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Is it OK to take a day off work to do 'life admin’?

Father multi-tasking with young son (2 yrs) at kitchen table
With many of us juggling work, life and other responsibilities like childcare, it can be a struggle to keep up with admin. Photo: Getty (MoMo Productions via Getty Images)

It’s no secret that our stress levels rise when our personal and professional responsibilities clash. We work long hours and struggle with increasing workloads, which can make it difficult to find the time for all the other "life admin" tasks we’re required to do, such as household paperwork.

According to a survey of 2,000 people, the average adult carries out 109 "life admin" tasks every year.

A substantial amount of time is taken up by jobs such as sorting out car insurance, checking bank accounts and paying bills. And with many of us juggling work, life and other responsibilities like childcare, it can be a struggle to keep up with admin – which can lead to additional anxiety as we fall behind on deadlines and payments.

“Children, young ones in particular, are time-consuming and can sap you of physical and mental energy. Trying to deliver on work responsibilities, look after children, plus nail your life admin can feel like an insurmountable task,” says Lizzie Martin, accredited executive coach and director of Work Life Mother.

“Many refer to it as 'always being on' – which drains your mental reserves and is not only overwhelming but leads to burnout,” she says. “Children also have the uncanny ability of interrupting just when you get into flow or sit down to start an important task.”

Read more: How to deal with anxiety when starting a new job

Although lots of us take pride in our abilities to multitask, it can actually have a negative impact on your productivity. In fact, having lots of different tasks and projects to think about at once divides our attention in a way that reduces our performance.

Research has found that every additional task you switch to eats up 20% of your productivity and it takes an average of about 25 minutes – 23 minutes and 15 seconds, to be exact – to return to the original task after an interruption,” says Martin.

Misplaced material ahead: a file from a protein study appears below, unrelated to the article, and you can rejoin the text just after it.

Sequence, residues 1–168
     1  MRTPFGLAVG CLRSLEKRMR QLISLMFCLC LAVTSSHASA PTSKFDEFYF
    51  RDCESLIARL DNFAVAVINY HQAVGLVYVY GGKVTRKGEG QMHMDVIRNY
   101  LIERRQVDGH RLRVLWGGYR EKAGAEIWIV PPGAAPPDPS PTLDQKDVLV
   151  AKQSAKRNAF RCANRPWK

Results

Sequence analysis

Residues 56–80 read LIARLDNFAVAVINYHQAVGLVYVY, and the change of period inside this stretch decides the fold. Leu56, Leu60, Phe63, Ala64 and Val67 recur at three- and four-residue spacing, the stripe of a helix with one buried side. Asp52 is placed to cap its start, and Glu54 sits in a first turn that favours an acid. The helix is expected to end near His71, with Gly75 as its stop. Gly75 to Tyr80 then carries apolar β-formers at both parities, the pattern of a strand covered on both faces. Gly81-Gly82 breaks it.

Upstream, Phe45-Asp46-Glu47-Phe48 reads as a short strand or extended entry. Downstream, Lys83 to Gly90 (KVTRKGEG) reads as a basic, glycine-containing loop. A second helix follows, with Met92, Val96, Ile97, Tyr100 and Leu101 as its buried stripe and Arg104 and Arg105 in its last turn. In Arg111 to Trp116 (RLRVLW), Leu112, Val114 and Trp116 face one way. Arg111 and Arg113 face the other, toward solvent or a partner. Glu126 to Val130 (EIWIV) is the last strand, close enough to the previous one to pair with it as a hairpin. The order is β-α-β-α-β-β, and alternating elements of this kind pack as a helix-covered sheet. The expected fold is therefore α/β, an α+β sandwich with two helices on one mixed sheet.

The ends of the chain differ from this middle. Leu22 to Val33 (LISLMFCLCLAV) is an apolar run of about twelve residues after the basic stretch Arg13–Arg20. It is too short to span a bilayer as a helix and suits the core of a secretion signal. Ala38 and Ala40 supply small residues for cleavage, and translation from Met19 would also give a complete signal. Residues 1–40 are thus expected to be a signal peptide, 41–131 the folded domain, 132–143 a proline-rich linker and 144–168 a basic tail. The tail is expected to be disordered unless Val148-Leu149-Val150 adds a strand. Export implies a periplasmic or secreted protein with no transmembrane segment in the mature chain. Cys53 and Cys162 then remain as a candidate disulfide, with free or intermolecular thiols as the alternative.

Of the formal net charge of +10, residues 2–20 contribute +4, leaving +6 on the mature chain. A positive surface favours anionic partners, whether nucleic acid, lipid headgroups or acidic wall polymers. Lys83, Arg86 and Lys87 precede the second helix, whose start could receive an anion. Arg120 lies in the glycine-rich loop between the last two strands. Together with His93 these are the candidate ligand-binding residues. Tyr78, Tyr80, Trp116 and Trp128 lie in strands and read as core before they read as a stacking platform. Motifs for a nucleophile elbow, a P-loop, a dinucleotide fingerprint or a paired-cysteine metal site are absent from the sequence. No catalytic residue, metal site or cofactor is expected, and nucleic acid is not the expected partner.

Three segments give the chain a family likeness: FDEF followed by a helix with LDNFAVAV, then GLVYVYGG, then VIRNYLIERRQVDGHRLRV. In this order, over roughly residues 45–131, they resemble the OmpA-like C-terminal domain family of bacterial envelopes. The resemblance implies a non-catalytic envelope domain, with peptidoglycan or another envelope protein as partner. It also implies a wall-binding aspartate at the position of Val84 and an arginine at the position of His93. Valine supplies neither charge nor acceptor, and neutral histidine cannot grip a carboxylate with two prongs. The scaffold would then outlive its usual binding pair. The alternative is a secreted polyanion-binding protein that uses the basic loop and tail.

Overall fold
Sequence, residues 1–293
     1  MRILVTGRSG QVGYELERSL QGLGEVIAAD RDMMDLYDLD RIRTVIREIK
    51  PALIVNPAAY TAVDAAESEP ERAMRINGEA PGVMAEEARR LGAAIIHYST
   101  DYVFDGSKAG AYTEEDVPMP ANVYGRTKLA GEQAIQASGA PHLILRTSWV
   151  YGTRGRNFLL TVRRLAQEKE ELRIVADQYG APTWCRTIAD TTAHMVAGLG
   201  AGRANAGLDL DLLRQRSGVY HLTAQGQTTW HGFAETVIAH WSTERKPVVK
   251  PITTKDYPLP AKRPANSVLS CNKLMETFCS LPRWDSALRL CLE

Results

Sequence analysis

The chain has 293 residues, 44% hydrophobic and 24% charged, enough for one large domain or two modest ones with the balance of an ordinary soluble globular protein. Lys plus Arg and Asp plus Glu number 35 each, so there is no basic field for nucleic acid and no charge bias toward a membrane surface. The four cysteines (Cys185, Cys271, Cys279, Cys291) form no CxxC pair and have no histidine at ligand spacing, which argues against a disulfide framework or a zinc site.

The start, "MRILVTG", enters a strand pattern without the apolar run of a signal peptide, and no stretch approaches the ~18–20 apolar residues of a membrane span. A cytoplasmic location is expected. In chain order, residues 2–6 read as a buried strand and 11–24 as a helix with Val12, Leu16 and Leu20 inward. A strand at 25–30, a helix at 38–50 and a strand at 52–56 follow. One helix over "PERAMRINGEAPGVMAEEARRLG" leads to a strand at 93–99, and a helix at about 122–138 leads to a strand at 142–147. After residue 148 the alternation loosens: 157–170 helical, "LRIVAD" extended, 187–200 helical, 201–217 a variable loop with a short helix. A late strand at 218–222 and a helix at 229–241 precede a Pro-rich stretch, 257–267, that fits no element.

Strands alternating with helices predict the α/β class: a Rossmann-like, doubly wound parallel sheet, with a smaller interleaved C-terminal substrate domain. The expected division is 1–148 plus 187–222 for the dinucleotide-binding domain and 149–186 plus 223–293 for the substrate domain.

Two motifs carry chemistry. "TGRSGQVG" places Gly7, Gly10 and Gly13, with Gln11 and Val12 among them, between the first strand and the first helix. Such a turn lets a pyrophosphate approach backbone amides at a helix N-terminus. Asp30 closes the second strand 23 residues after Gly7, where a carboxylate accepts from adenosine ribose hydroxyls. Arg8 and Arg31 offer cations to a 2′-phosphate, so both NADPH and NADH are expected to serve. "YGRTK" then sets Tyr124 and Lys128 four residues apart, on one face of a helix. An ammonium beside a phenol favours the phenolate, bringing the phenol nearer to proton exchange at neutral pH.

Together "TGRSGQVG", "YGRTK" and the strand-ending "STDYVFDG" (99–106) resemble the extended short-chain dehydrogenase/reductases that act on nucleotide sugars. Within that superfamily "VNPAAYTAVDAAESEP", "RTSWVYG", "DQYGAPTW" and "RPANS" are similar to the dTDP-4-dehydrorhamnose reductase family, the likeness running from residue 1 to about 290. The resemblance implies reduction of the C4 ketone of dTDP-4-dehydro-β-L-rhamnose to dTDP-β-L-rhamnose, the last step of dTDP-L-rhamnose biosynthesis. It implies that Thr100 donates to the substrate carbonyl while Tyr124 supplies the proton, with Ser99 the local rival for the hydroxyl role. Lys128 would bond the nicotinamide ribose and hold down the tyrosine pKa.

In addition, Life Coach Directory member Chantal Dempsey says we often find it difficult to get life admin done because we procrastinate when it comes to boring tasks.

“Paying bills or organising appointments are thankless tasks, so they make a perfect platform for procrastination,” she says. “Unless the admin is urgent, it can easily be put off, and when you’re wondering whether to pay the bills or go for a coffee in that hour you have spare, the decision makes itself. The bills will be paid when you get the red letter. Until then, boring tasks plus no urgency equals procrastination for most people.”

When we have unfinished tasks looming over us, the increased stress can interfere with our ability to function and impact our workplace performance. However, there never seems to be enough hours in the day to get everything ticked off, leaving lots of us trying to sort out bills and more when we should be resting.

An occasional day off work might give us more time to get things done, leaving us feeling calmer and more organised at work and at home. But is it reasonable to sort out personal tasks while working – or should you ask your employer for a day off to sort things out?

“If you can take work time for admin, the pressure of being found out can motivate you to get it done,” says Dempsey. “It will give you the urgency element that combats procrastination. You can justify this in many ways – everyone does it. You take phone calls out of hours all the time, you will make it up by reducing your coffee breaks for the next month, for example.”

Read more: Can you fix a bad work culture as an employee?

However Martin suggests life admin should be done in your own time, either during annual leave or on your lunch break.

“But if you are struggling to get on top of it and it’s interfering with your productivity at work then an open conversation with your line manager and some flexibility with your work hours could be what you need to regain some balance and to get back on track,” she says.

“If this is something that occurs frequently for you then it's a good opportunity to review how much you are taking on, whether you need to be setting some tighter boundaries, enforcing deadlines or getting some extra help to avoid falling behind on things – both at work and at home.”

Depending on the relationship you have with your manager, they may be open to you taking a personal day – either paid or unpaid – to relieve some pressure. However, not all employers will be amenable to your request. It may seem easier to call in sick, but be aware that this could backfire if your boss finds out you aren’t actually unwell.

“Always be honest with your employer, it will cultivate a relationship of trust. At times, we all need support with our home lives and in return your employer should recognise that,” Martin says. “Think of it as give and take as there will be times when your employer will call on you to work extra hours, such as when there is an important deadline.”

Ultimately, feeling stressed about unfinished tasks at home may have a negative effect on your work too. “You want to work together to find a way for you to thrive in both. If however your time away from work is going to be taken from your holiday allowance, don't feel obliged to tell your boss or colleagues what you are doing with that time, you don't need a reason to take time off work,” says Martin.

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